Blog Posts: June 2011
Thanks to Library Journal and Karen McCoy for reviewing How to Tutor Your Own Child!
From the review:
This book is for parents interested in providing holistic learning opportunities for their children. Ruben advocates the importance of “parent-tutoring” as an effective supplement to regular education, and she derives many examples from her experiences as a professional tutor. She begins with tips to engage children in the learning process and proceeds to ideas to make education fun and creative. Parent tutors are also encouraged to model a love of learning for their students. In “Tutor Toolboxes,” Ruben recommends everything from mnemonic devices to organizing learning spaces and materials to, most important, encouraging reluctant children. Each chapter ends with a “Tutor Take-Away” table that summarizes the section. Parents with teens will be most interested in the final part of the book, which focuses on how to adjust educational approaches for adolescents.Read Full Post.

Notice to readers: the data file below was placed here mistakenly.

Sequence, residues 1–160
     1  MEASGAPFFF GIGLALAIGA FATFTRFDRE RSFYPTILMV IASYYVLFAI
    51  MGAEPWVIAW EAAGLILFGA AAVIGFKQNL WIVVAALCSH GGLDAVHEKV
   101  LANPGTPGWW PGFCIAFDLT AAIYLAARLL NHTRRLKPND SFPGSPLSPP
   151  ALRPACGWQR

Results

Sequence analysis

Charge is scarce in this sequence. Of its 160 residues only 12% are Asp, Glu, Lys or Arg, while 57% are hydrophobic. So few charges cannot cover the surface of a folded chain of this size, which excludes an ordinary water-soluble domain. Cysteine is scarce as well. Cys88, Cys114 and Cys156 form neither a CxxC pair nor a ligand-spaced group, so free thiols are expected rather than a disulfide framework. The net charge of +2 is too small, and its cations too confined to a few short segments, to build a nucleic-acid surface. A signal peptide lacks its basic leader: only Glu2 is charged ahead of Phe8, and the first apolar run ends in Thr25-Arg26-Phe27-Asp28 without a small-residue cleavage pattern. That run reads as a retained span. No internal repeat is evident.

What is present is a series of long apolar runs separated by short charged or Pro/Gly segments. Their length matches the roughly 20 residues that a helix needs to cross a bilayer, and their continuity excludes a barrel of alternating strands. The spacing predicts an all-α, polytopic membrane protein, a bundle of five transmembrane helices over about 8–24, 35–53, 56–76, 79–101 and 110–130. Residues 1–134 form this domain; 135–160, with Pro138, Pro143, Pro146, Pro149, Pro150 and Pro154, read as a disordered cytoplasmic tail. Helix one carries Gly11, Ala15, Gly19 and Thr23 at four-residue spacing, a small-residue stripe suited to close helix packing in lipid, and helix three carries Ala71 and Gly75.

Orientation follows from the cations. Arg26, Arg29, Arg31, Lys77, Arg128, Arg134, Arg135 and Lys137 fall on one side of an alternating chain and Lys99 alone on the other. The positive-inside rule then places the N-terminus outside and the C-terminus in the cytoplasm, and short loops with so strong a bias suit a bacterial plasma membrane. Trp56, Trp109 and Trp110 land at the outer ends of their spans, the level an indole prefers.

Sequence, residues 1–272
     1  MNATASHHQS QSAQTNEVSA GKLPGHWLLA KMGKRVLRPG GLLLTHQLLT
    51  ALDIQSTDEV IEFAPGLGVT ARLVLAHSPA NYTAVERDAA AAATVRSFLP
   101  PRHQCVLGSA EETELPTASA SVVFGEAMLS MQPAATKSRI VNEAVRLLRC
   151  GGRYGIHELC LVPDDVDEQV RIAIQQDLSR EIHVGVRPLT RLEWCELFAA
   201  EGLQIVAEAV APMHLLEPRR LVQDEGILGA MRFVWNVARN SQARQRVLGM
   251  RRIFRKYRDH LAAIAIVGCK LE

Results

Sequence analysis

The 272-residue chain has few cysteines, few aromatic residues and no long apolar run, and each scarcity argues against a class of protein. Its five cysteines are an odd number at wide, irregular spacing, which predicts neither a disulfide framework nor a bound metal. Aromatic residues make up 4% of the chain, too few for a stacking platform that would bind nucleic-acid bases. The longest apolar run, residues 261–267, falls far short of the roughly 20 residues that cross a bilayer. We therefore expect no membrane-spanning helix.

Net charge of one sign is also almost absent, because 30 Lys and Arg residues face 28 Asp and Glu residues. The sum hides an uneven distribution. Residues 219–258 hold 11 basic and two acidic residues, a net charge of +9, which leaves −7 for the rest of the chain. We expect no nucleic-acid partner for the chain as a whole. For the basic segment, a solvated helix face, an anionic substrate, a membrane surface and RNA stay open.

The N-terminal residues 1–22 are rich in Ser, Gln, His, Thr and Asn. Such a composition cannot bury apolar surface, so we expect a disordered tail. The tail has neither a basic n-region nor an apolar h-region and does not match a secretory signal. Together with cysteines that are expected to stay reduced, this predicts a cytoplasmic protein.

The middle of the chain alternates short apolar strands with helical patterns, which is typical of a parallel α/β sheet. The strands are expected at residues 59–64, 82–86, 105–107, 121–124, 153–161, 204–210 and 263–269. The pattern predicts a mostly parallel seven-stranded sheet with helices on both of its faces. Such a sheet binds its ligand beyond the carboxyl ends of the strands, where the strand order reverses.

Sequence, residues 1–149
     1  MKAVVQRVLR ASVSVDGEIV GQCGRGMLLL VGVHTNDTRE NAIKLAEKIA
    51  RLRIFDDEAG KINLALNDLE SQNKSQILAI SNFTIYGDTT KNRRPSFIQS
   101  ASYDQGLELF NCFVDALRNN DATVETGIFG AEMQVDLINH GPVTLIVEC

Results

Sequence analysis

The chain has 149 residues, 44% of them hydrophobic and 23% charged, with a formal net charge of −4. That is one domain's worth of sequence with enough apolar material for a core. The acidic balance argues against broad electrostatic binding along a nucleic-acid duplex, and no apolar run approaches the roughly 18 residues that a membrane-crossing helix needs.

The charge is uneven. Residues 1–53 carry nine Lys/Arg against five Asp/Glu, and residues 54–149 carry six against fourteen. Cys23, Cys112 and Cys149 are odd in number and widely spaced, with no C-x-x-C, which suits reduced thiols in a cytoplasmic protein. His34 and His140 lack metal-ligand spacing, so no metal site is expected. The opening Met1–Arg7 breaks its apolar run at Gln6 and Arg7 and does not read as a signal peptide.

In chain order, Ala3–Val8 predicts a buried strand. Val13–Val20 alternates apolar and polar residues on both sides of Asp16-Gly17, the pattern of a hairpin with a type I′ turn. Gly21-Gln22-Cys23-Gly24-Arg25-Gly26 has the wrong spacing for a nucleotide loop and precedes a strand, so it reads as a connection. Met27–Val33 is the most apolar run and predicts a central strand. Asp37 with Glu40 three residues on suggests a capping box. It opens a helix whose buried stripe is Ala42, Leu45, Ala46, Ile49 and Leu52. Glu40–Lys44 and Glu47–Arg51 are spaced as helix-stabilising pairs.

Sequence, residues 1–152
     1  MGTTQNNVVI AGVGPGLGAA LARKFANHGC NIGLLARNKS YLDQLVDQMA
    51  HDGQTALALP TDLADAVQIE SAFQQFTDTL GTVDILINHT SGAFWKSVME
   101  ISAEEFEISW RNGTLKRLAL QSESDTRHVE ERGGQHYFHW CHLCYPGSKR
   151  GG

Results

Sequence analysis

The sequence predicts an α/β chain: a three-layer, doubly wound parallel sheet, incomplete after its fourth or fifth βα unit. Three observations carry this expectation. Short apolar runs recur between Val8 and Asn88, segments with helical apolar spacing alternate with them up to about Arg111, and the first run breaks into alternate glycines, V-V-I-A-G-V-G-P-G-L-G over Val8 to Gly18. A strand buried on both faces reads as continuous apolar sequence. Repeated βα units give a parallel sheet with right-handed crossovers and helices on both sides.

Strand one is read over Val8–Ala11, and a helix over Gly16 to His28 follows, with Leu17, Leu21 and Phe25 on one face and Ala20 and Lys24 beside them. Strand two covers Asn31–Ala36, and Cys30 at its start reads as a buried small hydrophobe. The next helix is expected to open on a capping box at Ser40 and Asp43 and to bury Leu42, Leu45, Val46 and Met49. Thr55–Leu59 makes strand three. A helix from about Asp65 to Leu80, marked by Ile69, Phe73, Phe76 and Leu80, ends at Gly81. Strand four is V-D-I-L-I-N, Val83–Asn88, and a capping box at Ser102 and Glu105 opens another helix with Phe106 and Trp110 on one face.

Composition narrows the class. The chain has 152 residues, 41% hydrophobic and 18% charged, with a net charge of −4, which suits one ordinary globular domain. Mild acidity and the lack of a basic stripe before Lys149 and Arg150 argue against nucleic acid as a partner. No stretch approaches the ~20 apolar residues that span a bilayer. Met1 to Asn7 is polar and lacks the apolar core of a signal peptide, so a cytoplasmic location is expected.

In my last post, I mentioned a mother who got her son interested in Moby Dick and in Greek philosophy by introducing him to junior editions of the works.
This mother's efforts reminded me of a reading system endorsed by Susan Wise Bauer and Jessie Bauer in their book The Well-Trained Mind: A Guide to Classical Education at Home. The Bauers recommend a twelve-year educational model that's comprised of three four-year studies of world history and literature:
The pattern widens and deepens as the student matures and learns. For example, a first grader listens to you read the story of the Iliad from one of the picture-book versions available at any public library.... Four years later, the fifth grader reads ones of the popular middle-grade adaptations.... Four more years go by, and the ninth grader--faced with Homer's Iliad itself--plunges right in, undaunted. She already knows the story. What's to be scared of?